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Marquette Wire

The student news site of Marquette University

Marquette Wire

The student news site of Marquette University

Marquette Wire

As MUSG elections near, candidates promote clean campaigns

In recent months, attention has been turned back to the 1988 Marquette Student Government election. In that year, then Marquette junior and current Wisconsin Gov. Scott Walker lost in a landslide election after illegally campaigning door-to-door and slinging mud at his opponent.

This year’s candidates kept it clean, however, and outlined what they would like to see changed at Marquette next year.

For the 2011-’12 school year, the coveted position of MUSG president will come down to candidates Joey Ciccone and John Heflin, with their respective vice presidential running mates Trent Carlson and Kirsten de Guzman.

MUSG’s next president and vice president and all academic senators will be elected March 23, in an online vote for students. In last year’s spring election, a total of 1,795 students voted, representing 24.8 percent of eligible voters.

Each ticket boasts impressive resumes when it comes to holding leadership positions in organizations across campus. However, both Ciccone and Carlson currently sit on the MUSG executive board.

Ciccone, a junior in the College of Arts & Sciences, is MUSG’s executive vice president and chair of the Student Organization Allocation Committee.

Carlson, a junior in the College of Business Administration, is the legislative vice president for MUSG and a Schroeder Hall resident assistant this year.

Looking at the other executive candidates, Heflin and de Guzman each have held their own within MUSG.

Heflin, a junior in the College of Arts & Sciences, is an academic senator for MUSG and the Academics Committee chair. De Guzman, a junior in the College of Health Sciences, holds multiple administrative positions in her sorority Alpha Chi Omega. She has also served as a McCormick Hall RA and a member of the Student Conduct Board.

Ciccone said areas he and Carlson would focus on next year include a continued effort toward a new recreational and wellness facility, improving academic advising on campus — especially in areas such as internships, study abroad, co-opportunities — and increasing MUSG’s outreach to student organizations.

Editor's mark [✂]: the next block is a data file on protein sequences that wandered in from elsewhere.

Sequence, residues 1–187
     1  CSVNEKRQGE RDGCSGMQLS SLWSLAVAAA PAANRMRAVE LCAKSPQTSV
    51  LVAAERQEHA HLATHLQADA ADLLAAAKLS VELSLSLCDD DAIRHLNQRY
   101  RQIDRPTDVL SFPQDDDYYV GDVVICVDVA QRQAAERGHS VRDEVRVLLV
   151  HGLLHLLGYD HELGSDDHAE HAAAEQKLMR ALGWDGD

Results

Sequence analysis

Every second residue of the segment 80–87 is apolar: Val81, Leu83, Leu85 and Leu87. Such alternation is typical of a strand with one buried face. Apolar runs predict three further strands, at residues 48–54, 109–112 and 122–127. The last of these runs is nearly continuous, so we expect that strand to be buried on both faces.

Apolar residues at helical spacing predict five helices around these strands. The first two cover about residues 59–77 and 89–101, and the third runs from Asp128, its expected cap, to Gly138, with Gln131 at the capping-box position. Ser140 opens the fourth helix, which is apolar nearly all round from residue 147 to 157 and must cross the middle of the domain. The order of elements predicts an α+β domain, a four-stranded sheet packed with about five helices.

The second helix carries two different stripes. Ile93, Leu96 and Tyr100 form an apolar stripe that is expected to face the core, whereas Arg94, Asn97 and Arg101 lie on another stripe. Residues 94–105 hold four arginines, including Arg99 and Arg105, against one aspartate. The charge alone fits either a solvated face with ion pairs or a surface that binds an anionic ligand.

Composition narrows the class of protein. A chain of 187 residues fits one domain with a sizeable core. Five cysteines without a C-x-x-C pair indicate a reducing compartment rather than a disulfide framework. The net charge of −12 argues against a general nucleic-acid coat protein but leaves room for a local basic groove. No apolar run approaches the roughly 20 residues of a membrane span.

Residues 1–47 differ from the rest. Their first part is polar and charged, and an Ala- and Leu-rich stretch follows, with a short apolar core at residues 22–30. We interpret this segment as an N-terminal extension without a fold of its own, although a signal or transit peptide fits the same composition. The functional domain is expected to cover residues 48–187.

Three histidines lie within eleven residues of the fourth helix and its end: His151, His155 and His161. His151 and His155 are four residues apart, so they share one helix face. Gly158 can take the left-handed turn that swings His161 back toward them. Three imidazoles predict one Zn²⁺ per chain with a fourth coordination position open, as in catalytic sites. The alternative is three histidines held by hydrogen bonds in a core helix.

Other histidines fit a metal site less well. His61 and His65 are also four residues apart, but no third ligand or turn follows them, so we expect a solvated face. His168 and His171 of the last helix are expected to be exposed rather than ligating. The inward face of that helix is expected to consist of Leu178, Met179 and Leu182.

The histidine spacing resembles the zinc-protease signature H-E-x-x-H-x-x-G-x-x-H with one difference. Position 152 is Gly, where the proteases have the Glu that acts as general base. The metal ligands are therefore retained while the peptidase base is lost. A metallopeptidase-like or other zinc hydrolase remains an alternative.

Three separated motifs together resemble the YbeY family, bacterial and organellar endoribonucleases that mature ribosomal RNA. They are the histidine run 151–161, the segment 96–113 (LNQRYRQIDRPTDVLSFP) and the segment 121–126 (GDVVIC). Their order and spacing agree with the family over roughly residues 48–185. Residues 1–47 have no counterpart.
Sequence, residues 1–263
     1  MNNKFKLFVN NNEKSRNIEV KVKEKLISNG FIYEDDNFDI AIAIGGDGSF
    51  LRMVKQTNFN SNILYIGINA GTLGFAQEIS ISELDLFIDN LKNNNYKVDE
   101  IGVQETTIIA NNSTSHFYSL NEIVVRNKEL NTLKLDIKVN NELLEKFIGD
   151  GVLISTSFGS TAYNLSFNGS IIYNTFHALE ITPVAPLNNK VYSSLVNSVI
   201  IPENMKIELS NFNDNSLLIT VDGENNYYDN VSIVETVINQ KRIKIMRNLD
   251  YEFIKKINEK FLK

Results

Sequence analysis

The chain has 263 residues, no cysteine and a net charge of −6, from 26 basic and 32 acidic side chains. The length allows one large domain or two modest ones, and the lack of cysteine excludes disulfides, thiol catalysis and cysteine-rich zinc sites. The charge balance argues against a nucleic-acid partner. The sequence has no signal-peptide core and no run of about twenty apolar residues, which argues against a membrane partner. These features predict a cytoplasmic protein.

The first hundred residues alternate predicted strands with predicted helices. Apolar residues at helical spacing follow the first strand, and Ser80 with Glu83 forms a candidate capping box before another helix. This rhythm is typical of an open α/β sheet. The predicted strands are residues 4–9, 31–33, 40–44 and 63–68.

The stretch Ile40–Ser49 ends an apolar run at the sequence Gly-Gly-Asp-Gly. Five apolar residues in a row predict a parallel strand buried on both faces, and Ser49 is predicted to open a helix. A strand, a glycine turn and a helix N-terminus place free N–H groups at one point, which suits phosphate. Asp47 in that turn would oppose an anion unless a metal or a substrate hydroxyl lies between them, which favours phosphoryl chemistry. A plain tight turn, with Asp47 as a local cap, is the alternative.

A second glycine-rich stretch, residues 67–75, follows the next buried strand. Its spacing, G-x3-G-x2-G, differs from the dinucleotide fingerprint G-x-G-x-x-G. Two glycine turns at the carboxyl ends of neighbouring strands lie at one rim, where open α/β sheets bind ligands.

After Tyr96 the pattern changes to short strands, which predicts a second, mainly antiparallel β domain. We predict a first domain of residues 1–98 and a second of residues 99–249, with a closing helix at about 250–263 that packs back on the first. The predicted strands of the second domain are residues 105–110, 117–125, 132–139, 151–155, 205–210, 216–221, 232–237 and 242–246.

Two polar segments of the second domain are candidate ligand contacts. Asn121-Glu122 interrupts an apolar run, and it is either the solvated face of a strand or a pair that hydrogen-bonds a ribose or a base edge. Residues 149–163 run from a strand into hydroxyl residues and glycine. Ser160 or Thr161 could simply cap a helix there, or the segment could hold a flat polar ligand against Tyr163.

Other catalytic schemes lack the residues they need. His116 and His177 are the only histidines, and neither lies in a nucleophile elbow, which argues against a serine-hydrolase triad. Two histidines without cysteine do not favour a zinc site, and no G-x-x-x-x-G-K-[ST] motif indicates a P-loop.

Carlson pointed out several successful initiatives MUSG’s executive board has started this year and will look to continue next year. These initiatives include conversations with administrators about taking all voices of the student body into account, including those that have felt they are not included in our campus community, such as LGBT groups.

Heflin said MUSG has done a great job this year, but would like to see some changes in MUSG’s administration.

“I believe the MUSG worked well as a cohesive body this past year,” Heflin said. “In regards to next year, both Kirsten and I see the need for a fresh voice to address future concerns.”

Heflin said he would like to see MUSG work closer with the student body to make sure everyone is utilizing the resources available through the group.

De Guzman supported this idea, and said MUSG must work to knock down the  “barrier” that has formed between the students and MUSG.

“In my experience as an RA,” she said, “I have even encountered students who did not know we had a student government. (We need to) become more of a presence than a myth on campus.”

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    '78 AlumnaMar 19, 2011 at 8:49 pm

    Would any of MU’s illustrious journalism professors and any of the Tribune advisors please let us know the purpose of the first two paragraphs in this article and what the relationship is to the balance of the article?

    It appears that MU is now training reporters and editors for the Isthmus.